The last find was a very confident one!!! That shows us that you read your dogs very well and can adjust the demands of the alert appropriately. You offered significantly less encouragement here and Dottie was telling you with absolute certainty where that truffle target was! The party reflected her awesomeness 😀

    All of your points are spot on. You should be very proud of the work you and Dottie did here! She is a little firecracker. Looking back at the first video and now, your progress is wonderful!

    As for moving targets, they will get dislodged in the field so, within reason, you can reward her for staying with the moving target. Just be careful that she doesn’t think moving the target is part of the game.

    A side note about using baskets:
    Take a mental note of what her alert looks like when the target is in a basket. Essentially, that represents a truffle that is inaccessible to her and she can’t offer you a paw target. Often the obstacles in the forest will prevent dogs from offering their ideal alert so make a mental note of that behavior. Truffles do grow between logs/ stick piles that she won’t be able to access.

    Excellent work this session. Keep up the great training but do be sure to take a break before the next class. Those periods of down time often yield great advances in understanding. Set yourself up for a massive learning moment and then take a break for a few days or a week. Come back to the same training subject and marvel at the improvement 😉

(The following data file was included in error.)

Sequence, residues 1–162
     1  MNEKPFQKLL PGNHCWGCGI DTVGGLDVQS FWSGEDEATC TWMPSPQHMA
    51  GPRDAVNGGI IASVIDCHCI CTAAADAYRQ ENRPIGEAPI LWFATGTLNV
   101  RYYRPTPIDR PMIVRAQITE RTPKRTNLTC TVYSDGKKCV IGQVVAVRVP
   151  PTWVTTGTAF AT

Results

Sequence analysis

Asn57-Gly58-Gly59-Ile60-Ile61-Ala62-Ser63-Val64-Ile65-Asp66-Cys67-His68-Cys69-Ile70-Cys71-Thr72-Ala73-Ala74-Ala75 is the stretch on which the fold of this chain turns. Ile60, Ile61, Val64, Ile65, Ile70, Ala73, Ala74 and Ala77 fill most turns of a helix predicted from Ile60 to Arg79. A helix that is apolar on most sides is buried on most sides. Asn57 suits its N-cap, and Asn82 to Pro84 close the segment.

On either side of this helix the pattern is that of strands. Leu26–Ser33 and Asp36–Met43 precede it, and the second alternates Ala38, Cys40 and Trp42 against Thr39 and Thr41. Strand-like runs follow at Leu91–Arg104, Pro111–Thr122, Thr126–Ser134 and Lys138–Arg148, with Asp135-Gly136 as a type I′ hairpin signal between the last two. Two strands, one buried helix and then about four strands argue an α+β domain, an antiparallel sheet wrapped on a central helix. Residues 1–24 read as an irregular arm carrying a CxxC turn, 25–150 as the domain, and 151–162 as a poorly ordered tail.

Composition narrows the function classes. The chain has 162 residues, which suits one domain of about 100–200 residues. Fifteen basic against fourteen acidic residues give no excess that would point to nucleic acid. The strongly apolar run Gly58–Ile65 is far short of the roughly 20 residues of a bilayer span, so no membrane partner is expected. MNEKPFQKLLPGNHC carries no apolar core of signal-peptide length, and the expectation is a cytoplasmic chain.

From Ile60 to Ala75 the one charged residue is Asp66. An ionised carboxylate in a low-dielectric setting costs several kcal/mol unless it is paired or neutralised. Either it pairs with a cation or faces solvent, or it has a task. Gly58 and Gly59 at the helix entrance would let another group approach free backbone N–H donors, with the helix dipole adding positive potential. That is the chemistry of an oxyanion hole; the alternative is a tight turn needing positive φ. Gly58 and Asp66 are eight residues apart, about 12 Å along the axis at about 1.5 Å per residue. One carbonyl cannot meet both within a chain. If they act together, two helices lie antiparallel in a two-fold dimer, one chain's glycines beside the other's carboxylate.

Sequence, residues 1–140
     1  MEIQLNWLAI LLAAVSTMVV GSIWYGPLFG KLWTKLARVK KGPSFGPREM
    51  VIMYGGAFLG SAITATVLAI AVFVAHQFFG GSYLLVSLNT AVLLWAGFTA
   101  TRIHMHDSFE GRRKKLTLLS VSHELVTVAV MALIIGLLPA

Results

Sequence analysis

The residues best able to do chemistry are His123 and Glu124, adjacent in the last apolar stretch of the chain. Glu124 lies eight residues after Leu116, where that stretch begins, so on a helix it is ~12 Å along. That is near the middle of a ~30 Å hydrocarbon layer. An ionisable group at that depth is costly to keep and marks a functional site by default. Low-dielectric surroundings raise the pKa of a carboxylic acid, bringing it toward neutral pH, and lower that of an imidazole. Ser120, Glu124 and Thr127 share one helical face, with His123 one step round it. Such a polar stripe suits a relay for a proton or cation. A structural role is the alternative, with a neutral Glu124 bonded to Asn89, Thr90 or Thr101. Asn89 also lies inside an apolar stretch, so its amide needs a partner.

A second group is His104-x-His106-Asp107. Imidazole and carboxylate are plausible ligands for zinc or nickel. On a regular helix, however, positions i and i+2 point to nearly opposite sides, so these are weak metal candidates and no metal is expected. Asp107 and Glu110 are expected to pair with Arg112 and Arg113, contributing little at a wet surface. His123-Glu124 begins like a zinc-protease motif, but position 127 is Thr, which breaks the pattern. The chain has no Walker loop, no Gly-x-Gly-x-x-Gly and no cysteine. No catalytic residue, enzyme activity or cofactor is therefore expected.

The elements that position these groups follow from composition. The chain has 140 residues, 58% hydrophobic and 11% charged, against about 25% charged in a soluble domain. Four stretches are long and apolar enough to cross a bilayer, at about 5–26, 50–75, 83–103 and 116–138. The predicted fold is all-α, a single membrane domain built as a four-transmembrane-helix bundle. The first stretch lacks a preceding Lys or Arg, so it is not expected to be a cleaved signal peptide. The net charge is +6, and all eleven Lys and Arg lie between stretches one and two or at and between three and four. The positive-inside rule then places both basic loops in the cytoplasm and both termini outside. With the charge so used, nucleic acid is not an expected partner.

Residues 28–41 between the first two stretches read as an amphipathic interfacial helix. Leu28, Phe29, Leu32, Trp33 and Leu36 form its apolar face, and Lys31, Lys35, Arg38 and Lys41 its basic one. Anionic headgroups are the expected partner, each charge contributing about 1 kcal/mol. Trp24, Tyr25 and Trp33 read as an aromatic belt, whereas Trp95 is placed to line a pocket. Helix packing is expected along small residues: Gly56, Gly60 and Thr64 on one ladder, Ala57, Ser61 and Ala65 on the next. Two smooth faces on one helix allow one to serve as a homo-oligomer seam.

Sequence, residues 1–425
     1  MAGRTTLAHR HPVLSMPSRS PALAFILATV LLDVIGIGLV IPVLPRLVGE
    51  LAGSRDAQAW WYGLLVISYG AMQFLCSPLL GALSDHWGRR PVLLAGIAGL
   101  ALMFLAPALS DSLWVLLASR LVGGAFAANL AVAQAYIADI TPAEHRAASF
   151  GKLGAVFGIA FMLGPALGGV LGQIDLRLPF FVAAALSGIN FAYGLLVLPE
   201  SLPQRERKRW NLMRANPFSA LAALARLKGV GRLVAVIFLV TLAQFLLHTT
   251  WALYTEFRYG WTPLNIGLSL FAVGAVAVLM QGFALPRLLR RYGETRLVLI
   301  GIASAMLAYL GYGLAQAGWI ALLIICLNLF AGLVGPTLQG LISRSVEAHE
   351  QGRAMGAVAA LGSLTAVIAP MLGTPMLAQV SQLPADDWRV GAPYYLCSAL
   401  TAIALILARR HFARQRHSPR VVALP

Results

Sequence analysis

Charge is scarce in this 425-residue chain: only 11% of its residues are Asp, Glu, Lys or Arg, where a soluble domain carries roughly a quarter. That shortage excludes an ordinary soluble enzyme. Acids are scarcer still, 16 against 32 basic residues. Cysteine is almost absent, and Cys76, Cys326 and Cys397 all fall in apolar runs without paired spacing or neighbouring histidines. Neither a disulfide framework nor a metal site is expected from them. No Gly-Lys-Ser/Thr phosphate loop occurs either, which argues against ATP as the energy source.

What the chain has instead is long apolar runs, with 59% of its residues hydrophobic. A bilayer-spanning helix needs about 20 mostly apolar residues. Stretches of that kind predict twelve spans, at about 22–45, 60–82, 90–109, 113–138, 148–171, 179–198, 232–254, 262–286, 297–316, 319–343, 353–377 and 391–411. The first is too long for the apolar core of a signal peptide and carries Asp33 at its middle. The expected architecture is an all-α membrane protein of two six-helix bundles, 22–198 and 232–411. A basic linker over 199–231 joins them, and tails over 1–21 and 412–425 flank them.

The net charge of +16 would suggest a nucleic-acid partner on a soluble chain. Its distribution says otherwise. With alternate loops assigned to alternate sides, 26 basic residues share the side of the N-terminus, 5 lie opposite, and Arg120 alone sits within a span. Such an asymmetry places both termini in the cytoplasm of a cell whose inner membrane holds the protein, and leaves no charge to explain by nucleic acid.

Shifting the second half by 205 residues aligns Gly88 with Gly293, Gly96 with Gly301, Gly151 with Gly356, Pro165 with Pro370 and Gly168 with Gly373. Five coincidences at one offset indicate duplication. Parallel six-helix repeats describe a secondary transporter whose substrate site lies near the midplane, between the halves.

Continue to work on her endurance for multiple searches. She is on her way. If you have an end cue for other training or play, this would be a good time to start using it. This will help her understand that you are finished with all the hides and help her confidence in knowing that she has the opportunity to do another if you didn’t give the end cue. Start to make a ritual out of your ending as well. Perhaps she keeps the toy or there is something different about the last reward. Practice gathering yourselves together and leaving the search area together to help signal that you are all finished. Bring the attention to a more handler focused reward and ending behavior. Often walking briskly out of the search area while talking/ rewarding your dog become a very clear ritual for the dogs. Use a word, change your movement, change your intention and bring your focus on her instead of the search space. She was amazing! Tell her that all the way out of the space 😀

    We look forward to working with you and Dottie next session. Registration for Developing a Reliable Truffle Dog Team (level 2) opens July 26th. Class starts August 9th.

Viewing 8 posts - 16 through 23 (of 23 total)
  • The topic ‘Annie Ingersoll & Dottie’ is closed to new replies.